The federal government is set to unveil measures to help keep lockdown-hit NSW businesses afloat as Sydney's coronavirus crisis worsens.
Prime Minister Scott Morrison says the federal and NSW governments are finalising how cashflow support for businesses in that state will work.
"We're moving swiftly, but you've got to make sure you've got that design right so it's simple, very simple, for businesses and it's rapid and is supported by the banks as well," he told Sky News on Monday.
Mr Morrison also defended a graphic ad showing a young women struggling to breathe after contracting COVID-19.
"It was only a few weeks ago that our very critics were saying that the advertising needed to be stronger, far stronger," he said.
The ad has been broadcast in Sydney as the city struggles with its growing outbreak, reporting 112 new cases on Monday.
There are 63 COVID-19 patients in hospital in NSW. Of those, 14 are under the age of 35 and 18 are in intensive care.
NSW Chief Health Officer Kerry Chant said these numbers dispelled the myth young people would not get sick from the virus.
The state's mass vaccination hubs and pharmacies will now start offering AstraZeneca vaccines to people aged over 40.
Vaccine task force leader Lieutenant General John Frewen urged people aged under 40 living in hotspot areas to talk to their doctor about getting the AstraZeneca vaccine, despite Pfizer being preferred for that age group.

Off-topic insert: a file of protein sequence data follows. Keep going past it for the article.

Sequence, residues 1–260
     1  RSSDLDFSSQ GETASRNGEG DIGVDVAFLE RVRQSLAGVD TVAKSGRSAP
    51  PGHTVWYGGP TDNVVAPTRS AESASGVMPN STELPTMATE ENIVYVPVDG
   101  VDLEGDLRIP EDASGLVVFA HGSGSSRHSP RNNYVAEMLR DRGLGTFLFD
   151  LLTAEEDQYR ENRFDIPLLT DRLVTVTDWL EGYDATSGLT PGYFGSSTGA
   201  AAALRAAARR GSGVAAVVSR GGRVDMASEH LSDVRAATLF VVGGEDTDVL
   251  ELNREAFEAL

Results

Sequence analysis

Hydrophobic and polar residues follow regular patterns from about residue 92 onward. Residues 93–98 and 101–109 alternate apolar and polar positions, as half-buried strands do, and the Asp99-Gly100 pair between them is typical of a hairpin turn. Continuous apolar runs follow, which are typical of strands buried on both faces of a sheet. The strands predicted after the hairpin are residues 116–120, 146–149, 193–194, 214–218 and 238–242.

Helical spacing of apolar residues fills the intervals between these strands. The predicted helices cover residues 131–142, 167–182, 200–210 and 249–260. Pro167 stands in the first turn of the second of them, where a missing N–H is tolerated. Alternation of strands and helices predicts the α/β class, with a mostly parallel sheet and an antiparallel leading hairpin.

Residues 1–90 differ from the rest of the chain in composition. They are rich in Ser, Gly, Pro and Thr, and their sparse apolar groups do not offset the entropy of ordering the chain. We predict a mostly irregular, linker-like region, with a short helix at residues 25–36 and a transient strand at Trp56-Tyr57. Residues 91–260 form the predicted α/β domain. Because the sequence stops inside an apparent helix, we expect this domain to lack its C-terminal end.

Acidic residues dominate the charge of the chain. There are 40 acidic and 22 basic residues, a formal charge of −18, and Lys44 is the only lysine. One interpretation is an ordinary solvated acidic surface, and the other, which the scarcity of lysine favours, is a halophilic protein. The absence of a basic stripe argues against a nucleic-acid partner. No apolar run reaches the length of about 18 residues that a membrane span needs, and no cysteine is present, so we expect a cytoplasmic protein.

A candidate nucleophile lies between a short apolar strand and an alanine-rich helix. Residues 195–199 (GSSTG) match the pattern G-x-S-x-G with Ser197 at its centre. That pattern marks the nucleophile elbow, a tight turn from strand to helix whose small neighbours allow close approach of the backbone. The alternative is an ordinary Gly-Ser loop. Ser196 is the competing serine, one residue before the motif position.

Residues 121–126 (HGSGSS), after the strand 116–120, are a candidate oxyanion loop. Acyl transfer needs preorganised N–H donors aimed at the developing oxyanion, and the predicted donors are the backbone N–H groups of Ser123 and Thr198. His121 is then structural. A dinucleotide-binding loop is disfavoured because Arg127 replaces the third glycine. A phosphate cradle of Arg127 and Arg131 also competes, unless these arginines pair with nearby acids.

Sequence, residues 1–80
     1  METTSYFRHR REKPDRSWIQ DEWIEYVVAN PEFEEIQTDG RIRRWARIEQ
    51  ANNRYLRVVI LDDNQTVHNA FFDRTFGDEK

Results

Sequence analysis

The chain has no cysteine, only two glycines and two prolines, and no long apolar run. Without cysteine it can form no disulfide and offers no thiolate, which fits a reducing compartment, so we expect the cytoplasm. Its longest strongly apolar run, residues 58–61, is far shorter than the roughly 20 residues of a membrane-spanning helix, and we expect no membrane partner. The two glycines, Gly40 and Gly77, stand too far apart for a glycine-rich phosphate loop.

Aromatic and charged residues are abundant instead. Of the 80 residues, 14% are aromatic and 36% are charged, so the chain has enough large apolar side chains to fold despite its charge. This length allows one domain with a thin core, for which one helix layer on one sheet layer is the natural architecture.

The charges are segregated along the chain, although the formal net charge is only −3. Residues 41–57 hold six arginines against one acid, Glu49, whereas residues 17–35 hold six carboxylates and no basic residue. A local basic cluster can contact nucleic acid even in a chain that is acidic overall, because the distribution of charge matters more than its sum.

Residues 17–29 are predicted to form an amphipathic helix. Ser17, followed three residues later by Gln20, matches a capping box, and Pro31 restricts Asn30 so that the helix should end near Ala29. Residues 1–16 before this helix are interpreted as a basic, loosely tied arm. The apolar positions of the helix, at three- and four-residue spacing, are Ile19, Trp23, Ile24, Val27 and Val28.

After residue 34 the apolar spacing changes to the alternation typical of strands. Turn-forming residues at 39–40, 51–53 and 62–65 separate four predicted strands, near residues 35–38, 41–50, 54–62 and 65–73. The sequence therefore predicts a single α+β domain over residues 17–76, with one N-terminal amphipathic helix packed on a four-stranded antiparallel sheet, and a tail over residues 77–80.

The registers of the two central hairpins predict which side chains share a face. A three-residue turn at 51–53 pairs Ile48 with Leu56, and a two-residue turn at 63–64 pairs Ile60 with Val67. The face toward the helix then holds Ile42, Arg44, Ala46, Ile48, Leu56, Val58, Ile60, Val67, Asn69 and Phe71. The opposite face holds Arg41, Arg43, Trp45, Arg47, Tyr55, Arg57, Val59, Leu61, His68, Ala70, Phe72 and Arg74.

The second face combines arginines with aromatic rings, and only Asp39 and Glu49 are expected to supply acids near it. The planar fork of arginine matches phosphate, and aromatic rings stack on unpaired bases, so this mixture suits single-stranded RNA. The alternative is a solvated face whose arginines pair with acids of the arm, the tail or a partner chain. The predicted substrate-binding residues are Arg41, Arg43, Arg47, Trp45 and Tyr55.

Lt Gen Frewen said people in southwest Sydney needed to weigh up the risks of getting coronavirus against the vaccine advice.
"Those people between 18 and 40 need to make a decision now about whether they want to take their chances with the Delta virus or whether they want to get down, have a discussion with their GPs and get AstraZeneca," he said.
Public health expert Bill Bowtell demanded the "insensitive" coronavirus ad be taken down.
"It would have been far better to have a real person, real people, who have either had COVID or recovered from it, or regrettably there are thousands of families in Australia who have lost people to COVID," he said.
"That's honest, that's truthful, that's authentic and that has impact."
Labor frontbencher Tanya Plibersek also criticised the decision to use a young woman sick with the virus, considering the age group was not yet eligible for vaccination.
Meanwhile, two million medical-grade masks from the national stockpile are being sent to primary health networks across Sydney.
Gloves, gowns and goggles will also be distributed.
With no end in sight for Sydney's lockdown, small businesses warn their reduced revenues aren't enough to survive and they need much more support.
Cafes, bars and pubs are limited to offering takeaway and delivery.
Federal disaster relief payments worth up to $500 a week are available for people put out of work, while NSW has committed $1.4 billion for businesses.